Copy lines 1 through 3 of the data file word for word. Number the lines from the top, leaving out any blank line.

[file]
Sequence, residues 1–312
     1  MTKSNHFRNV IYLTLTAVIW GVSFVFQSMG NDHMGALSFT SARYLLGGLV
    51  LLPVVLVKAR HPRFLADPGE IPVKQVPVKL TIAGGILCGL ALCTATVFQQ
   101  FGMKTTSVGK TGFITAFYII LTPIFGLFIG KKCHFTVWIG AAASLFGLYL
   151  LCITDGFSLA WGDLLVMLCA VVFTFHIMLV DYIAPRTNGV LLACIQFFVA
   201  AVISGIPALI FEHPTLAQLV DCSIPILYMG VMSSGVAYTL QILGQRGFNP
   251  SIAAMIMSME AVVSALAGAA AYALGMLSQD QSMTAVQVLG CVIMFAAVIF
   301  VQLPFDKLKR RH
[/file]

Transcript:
Sequence, residues 1–312
     1  MTKSNHFRNV IYLTLTAVIW GVSFVFQSMG NDHMGALSFT SARYLLGGLV
    51  LLPVVLVKAR HPRFLADPGE IPVKQVPVKL TIAGGILCGL ALCTATVFQQ